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Madrid

Arab Town Wall
Cuesta de la Vega, s/n.
Metro: Opera

According to Arab chroniclers, it was in AD 852 that the Emir of Córdoba, Mohamed I, ordered a fortress to be built on the left bank of the Manzanares River, the geographical centre of the Iberian Peninsula. He named the settlement Mayrit (source of water) and in it lay the seeds of the city now known as Madrid.
The only remains of the Arab town wall can be found here.

San Nicolas de los Servitas Church
Plaza de San Nicolas, 1.
Metro: Opera

This church tower is one of the oldest buildings in Madrid, dating back, it is believed, to 1085. Exhibits inside detail the Islamic history of early Madrid.

San Pedro Church
Nuncio, 14.
Metro: La Latina.

This church is well known for two things. First it's 14th century tower leans 25 inches off plumb. It has been steadied to reduce any further tilting, but remains Madrid's answer to the Leaning Tower of Pisa. Inside the church is a painting of the Virgen de la Paloma which is a painting of the Mary with a dove on each side of her. This painting has been the inspiration of one of Madrid's most well known festivals, the Verbena de la Paloma which is held August 6th to 15th.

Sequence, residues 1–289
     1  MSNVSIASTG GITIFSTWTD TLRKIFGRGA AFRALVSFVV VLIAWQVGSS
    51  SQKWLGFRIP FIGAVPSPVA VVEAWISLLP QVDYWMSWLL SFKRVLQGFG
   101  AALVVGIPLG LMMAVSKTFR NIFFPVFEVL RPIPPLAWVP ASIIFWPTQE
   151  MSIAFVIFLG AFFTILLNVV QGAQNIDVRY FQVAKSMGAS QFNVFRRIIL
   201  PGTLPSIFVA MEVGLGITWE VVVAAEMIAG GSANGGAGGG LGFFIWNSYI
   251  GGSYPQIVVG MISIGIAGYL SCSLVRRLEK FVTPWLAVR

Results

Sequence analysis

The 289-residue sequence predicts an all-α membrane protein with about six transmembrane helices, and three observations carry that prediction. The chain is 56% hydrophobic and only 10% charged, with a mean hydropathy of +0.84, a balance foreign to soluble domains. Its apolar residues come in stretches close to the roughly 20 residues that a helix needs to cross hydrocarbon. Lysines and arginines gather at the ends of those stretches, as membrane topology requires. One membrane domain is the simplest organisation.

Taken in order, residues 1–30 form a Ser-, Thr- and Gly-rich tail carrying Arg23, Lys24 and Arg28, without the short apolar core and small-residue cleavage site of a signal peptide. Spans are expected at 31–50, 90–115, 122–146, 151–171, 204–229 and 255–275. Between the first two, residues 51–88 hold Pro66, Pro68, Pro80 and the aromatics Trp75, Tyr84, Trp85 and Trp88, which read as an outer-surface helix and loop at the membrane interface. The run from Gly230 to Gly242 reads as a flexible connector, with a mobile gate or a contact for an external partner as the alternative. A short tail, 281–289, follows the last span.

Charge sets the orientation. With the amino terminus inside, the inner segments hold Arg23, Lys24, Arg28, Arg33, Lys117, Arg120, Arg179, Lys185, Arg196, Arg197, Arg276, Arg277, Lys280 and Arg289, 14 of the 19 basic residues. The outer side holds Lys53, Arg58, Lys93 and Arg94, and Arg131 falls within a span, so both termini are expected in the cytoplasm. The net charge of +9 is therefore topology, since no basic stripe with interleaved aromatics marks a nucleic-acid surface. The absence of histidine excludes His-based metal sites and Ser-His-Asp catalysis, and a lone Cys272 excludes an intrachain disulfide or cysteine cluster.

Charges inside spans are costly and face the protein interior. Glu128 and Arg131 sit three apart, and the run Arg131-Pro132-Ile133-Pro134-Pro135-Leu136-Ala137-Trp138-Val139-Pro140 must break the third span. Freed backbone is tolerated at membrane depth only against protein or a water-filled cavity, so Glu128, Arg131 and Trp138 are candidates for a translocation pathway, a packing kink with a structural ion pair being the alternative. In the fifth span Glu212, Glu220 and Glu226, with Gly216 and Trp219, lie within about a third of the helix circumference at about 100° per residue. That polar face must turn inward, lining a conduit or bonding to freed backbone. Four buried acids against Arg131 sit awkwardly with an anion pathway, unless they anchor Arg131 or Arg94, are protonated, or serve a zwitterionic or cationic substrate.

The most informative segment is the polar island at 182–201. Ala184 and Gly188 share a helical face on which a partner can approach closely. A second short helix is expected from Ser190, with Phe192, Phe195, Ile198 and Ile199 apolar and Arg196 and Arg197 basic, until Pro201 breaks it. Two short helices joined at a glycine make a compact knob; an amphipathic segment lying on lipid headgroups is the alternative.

The House of Bakery
Plaza Major s/n.
Metro: Sol

This house situated in the central square Plaza Major is from the 15-16th century and has some beautiful wall paintings. It originally housed the Bread Corporation and is today used by the municipality of Madrid.

The Segovia Bridge
Segovia, s/n.
Metro: Puerta del Angel

This is the oldest bridge in the city which spans the river Manzanares, situated at the end of the Calle Segovia. It was built by Juan de Herrera at the end of the 16th century. It deserves a visit just to enjoy the view of the Royal Palace and gardens.

The Trinitarias Descalzas Convent
Lope de Vega, 18.
Metro: Anton Martín